New Braunfels Herald Zeitung (Newspaper) - November 30, 1980, New Braunfels, Texas
* Taylor Communications Inc
50 cents November 30,1980
1SlCj5M6 C°mP* V°L 89 - No- 113
aul. , %xa• Isms 62 pages " 4 sections
«xau 75235 (USPS 377-880)
New Braunfels, Texas
The explosion sent rockets blazing through the air, he said.
Partida said the fire pattern was near the truck’s exhaust outlet and there was a hole burned through the bed of the truck, indicating a “good possibility” that a combination of heat and acc ui Hula ti on of gas vapors may have started the fire.
Fire Inspector Jack Wilkson agreed, adding that since a rag instead of a gas cap was covering the truck’s gasoline tank, fume exhausts combined with heat was the “probable cause” of the explosion.
No one was injured in the explosion, firefighters said.
TV LISTINGS..............3 2 pages
Staff photo by John Santee
It looks like it at least, at first glance Photographed on South Casted Avenue, these two ladies were wearing matching red scarves a rid navy blue coats and carried nearly identical purses The shoes provide the only clues in telling them apart.
Leftists' murders spark violence in El Salvador
SAN SALVADOR, El Salvador (AP) -Gunbattles erupted early Saturday in this tense city as supporters mourned six leftist leaders they claim were kidnapped and assassinated by government troops. Twenty people were reported killed in the new surge of violence.
Police said the latest victims were all killed in overnight gunfights and other assaults. An estimated 8,500 people, mostly civilians, have been killed this year in the struggle for power between left- and right-wing extremists.
Witnesses said army patrols and left-wing guerrilla bands fought at least nine gunfights in poorer districts of San Salvador.
A brief gunfight at midday caused panic among the hundreds of people milling about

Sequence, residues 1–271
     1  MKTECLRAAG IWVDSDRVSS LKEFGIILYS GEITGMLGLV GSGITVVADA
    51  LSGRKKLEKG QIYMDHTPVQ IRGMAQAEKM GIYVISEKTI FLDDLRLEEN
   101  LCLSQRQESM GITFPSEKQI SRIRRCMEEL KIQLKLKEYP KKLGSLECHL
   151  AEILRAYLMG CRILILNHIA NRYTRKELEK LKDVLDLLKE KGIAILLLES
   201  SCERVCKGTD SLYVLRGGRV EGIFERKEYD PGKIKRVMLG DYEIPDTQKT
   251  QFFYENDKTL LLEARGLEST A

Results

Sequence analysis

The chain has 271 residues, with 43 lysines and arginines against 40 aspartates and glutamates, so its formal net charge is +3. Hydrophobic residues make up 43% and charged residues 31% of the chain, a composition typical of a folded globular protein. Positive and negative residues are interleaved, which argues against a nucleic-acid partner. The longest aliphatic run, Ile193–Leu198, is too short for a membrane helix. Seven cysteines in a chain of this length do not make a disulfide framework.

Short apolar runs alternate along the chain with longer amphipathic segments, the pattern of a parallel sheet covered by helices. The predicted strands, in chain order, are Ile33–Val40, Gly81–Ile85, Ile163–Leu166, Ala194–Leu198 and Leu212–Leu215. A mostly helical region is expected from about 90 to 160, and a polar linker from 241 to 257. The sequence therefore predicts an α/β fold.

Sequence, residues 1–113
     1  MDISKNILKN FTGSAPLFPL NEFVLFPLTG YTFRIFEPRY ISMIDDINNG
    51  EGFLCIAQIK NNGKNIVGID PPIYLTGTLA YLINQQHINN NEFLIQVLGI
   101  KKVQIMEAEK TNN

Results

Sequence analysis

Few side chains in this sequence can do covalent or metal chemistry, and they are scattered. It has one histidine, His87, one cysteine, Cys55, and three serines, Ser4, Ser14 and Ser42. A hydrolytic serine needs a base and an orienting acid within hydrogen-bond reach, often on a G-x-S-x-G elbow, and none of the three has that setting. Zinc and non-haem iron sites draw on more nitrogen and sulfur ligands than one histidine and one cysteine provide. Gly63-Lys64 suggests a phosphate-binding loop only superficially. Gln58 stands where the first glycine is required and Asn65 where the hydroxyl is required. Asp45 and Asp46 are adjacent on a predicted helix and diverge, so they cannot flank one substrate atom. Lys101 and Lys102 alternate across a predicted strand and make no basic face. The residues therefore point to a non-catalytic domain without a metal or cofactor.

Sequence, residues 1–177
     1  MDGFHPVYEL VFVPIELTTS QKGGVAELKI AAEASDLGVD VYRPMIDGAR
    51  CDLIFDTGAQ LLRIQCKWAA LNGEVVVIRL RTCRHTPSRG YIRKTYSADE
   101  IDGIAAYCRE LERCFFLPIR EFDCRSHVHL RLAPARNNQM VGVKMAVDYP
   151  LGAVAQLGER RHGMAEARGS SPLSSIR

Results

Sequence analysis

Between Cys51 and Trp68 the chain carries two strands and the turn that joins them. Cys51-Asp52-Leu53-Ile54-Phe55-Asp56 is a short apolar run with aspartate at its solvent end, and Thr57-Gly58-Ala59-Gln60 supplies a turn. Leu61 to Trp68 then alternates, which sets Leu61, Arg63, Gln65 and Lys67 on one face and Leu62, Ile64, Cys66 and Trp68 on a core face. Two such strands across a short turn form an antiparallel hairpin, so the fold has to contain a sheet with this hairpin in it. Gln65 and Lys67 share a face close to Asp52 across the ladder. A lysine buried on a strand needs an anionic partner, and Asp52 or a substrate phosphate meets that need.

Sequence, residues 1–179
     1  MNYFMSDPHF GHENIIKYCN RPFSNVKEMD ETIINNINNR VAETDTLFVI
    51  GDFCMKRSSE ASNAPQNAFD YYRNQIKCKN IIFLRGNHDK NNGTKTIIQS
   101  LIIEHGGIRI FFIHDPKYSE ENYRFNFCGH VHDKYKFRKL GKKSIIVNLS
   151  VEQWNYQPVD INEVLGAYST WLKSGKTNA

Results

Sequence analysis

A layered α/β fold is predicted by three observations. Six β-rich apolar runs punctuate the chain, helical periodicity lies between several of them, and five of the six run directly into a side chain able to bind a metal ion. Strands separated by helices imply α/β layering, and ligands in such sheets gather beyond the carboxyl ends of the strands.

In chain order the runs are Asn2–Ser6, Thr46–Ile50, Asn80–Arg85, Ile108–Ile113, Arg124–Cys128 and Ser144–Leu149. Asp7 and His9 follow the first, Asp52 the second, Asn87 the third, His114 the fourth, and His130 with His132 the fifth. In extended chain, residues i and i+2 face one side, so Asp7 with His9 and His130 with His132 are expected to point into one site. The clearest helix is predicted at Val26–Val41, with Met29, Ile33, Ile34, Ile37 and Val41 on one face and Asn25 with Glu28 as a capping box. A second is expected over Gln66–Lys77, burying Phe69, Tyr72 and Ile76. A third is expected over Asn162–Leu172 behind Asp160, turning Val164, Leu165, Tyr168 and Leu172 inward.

the plaza outside the Metropolitan Cathedral. The bodies of the six slain leaders had been placed there, guarded by armed leftists, until a bomb exploded outside the church Friday night, injuring nine. The bodies were secretly removed to a funeral home in a poor neighborhood following Hie blast and would be returned to the cathedral at a later tune, Roman Catholic church sources said.
Police said they had no immediate reports of casualties in the cathedral area gunfight.
More than 300 leftist youths wearing red and black bandana handkerchiefs across their faces surrounded the cathedral, draped large banners across the entrance and
See KL SALVADOR, Page IGA
LORA plans rate increase to pay for construction
By HENRY KRAUSSE Staff writer
Lower Colorado River Authority has announced electric rate increases for its wholesale customers, including a 6.56 percent boost for New Braunfels Utilities, effective Dec. 5.
Utilities Manager Bob Sohn said Friday the increase would be applied to kilowatt hours on electric users’ monthly bills, but would not affect the “fuel cost” portion of the bill.
“Bills are made up of two components, the energy part and the fuel cost. The average bill is 50 to 60 percent fuel cost, so if we raise half of your bill by 6.56 percent, then we have effectively raised the whole bill by about 3 or 4 percent.”
The LCRA has justified the rate increase by pointing to its $50 million construction program, and the Wholesale Power Group, an organization of LCRA customers to which Utilities belongs, has tentatively agreed to it, Sohn said.
“They are undertaking a large construction effort costing $50 million, ultimately $60 million. This is the amount it’s going to take to finance those bonds. The rate increase is for debt service coverage,” he explained.
The group, composed of 41 wholesale power
customers, including 23 municipally-owned utilities, has hired an attorney and a rate consultant to look out for its interests. As an organization, it has considerable leverage in dealing with LCRA, Sohn said.
“Prior to 1978, when we banded together, we had very little clout. In 1976 they (LCRA) decided they were going to finance construction just with rate increases,” Sohn said.
The customers decided to form a group, and went before the Public Utilities Commission to fight the increases.
“It got kinda sticky — it really gave them a fit. In 1978, they decided that, rather than fight, it would be easier to cooperate.
“We can understand their need for these increases. Now, they’ve learned their lesson. The minute they start talking about an increase they bring us into it, open their books to us.”
Sohn said the whosesale customers agreed the need for the money is real, and “the way they want to finance it is reasonable.”
The rate increases will be different for each power customer, and are based on kilowatt demand and consumption. For example, the Guadalupe Valley Electric Coop’s rate increase will be 5.96 percent, the City of Seguin will experience a 4.85 percent hike.
The largest increase, 9.96 percent, will be assumed by Pedernales Electric Coop.
A provision in the city’s proposed new electric ordinance permits LCRA to adjust the power cost. The ordinance, which will take passage of one more reading by City Council before it becomes law, states: